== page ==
Spring 2016: Materials and Processes- Triaxial Blends

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Top: Custer Feldspar, Left: EPK, Right: Whiting, fired to Cone 10 in Reduction

Upon first blush, these materials interacted surprisingly well with my current clay body. Obviously, some in their solo state will not be so great, but it didn’t take much of an additional ingredient to make them adhere.

Most notably, EPK solo was almost adhered, but with 25% whiting did not adhere at all. 50/50 EPK and Whiting, the middle bottom, adhered somewhat, and was a delightful crispy, hard surface. Whiting by itself peeled off, but with 25% EPK formed a slightly crusty surface, alluding to a fake ash, but a step or two too dry.

Along the left side, EPK with 25% Custer crazed heavily and did adhered only marginally better than the EPK with 25% Whiting, but was a more interesting surface, with smaller crazing patterns than the Whiting combo. Middle left, 50/50 EPK and Custer, is a quite dry matte with very small crazing patterns and hard and satisfying feel. Custer solo is a very glassy and white surface where it pooled and added a gentle sheen to the bare clay, but crackled when thick in the inside. 75% Custer and 25% EPK is a buttery, hard grayish white that may warrant further exploration.

Along the right side, 75% Whiting with 25% Custer also echoes a fake ash, but appears to want to crystallize and begin to bubble where it thickens. Its base is grayish and thickens through gold to a glossy brown at its thickest. 50/50 Whiting and Custer a slightly more matte version of 75/25. As noted above, 100% Custer is very glassy. 75% Custer with 25% Whiting is a glassy grayish that brings out the iron speckles in the clay really nicely. A good fit for this clay body, and allows the color and texture to come through.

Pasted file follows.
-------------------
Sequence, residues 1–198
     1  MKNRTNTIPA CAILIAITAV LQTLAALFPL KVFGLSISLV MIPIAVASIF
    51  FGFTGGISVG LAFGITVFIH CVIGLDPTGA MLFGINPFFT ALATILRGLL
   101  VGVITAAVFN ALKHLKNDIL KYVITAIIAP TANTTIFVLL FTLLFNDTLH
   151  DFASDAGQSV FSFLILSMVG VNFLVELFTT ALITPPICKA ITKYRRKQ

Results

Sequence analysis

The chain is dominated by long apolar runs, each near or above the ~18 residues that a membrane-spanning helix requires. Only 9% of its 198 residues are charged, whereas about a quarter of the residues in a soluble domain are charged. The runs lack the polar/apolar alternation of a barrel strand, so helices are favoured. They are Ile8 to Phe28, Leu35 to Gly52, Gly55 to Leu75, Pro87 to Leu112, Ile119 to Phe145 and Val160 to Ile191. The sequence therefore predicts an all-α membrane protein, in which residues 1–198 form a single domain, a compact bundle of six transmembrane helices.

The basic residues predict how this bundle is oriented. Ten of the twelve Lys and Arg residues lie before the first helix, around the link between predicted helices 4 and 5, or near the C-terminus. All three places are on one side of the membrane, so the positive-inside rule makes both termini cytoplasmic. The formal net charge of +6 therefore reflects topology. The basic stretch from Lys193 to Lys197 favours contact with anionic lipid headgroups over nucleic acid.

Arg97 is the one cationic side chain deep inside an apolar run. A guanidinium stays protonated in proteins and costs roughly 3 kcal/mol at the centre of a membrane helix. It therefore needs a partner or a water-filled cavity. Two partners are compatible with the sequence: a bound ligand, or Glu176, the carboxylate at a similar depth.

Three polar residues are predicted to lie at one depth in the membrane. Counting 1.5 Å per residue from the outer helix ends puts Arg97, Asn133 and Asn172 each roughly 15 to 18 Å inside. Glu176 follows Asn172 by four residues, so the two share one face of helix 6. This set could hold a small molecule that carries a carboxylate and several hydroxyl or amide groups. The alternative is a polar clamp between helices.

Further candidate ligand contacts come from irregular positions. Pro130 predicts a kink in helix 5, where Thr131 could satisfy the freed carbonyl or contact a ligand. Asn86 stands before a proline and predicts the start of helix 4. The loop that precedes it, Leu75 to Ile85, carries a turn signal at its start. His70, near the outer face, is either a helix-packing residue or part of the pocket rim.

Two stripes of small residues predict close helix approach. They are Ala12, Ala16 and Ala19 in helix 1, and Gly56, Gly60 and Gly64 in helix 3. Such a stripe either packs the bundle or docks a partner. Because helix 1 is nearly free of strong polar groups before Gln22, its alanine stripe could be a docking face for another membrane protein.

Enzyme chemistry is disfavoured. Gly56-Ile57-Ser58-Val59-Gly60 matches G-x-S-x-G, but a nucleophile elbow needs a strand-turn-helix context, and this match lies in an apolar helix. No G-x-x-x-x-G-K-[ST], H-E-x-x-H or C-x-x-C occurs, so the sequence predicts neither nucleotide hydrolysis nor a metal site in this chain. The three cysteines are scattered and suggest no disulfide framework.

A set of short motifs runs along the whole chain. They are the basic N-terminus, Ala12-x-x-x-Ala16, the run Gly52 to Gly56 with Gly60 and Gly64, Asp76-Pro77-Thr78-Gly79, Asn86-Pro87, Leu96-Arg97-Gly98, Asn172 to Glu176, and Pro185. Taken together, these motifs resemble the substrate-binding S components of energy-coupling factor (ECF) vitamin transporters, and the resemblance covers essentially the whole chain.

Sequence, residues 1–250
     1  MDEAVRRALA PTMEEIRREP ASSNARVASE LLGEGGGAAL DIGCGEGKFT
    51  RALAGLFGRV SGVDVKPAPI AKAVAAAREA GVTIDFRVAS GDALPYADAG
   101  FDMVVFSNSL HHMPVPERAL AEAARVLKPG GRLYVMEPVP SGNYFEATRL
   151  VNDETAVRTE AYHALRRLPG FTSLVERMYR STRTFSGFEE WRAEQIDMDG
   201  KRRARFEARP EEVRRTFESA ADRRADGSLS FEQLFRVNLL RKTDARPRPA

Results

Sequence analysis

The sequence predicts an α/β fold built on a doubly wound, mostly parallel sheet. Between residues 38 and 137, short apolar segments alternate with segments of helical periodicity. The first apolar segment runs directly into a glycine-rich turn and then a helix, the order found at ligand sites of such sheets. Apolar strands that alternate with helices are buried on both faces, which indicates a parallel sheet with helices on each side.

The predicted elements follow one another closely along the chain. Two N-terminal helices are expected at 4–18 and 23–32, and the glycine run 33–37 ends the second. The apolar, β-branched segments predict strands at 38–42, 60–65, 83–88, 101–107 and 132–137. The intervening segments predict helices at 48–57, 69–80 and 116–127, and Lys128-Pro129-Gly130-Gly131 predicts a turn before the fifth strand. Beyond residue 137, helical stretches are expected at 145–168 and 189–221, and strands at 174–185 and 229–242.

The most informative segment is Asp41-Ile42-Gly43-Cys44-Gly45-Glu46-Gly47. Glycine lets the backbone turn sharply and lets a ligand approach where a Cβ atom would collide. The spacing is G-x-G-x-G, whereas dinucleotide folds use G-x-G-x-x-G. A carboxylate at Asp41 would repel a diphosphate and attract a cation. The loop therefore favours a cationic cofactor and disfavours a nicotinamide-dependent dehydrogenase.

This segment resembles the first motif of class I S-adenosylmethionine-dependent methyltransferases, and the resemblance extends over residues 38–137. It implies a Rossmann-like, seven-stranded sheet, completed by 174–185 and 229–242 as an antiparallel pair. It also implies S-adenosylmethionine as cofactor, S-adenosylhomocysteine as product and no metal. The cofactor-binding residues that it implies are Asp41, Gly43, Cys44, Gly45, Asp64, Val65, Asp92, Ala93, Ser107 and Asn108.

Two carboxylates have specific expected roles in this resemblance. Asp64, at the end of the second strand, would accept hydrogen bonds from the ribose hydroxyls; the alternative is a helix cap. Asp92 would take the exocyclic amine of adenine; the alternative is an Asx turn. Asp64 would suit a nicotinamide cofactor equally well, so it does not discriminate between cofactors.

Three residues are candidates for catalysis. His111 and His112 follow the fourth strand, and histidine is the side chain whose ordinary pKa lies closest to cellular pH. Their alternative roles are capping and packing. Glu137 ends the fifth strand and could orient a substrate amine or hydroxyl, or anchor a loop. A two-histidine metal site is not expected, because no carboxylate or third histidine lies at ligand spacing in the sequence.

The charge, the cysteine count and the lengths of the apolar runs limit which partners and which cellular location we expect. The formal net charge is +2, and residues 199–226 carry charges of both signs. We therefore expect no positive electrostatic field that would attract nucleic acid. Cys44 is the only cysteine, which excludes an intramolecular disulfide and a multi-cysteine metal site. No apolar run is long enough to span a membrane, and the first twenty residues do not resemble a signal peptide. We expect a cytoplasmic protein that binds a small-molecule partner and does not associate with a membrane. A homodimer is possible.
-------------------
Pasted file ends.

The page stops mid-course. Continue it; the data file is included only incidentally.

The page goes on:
In the interior triangle, top, 50% Custer/25%EPK/25% Whiting, is probably the most exciting result for me. It has an eggshell matte finish, brings out the iron of the clay, and is smooth to the touch.

Left bottom of the interior triangle, 50%EPK/25%Custer/25%Whiting, is the second most exciting. It is a tad crusty to the touch, but brings out the iron in the clay AND gets an orange halo at the thin edges.

Right bottom has potential as well, but doesn’t grab me quite as much as the others. It is a 50% Whiting/25% Custer/25% EPK combo, and is the closest of these to a fake ash. Its base is a grayish white that goes through yellow to greenish where it is thickest. It does not appear to run excessively, which is a plus.

Overall, this combination of materials has great potential, and the inner triangle may warrant further, more incremental exploration, as well as colorant testing.

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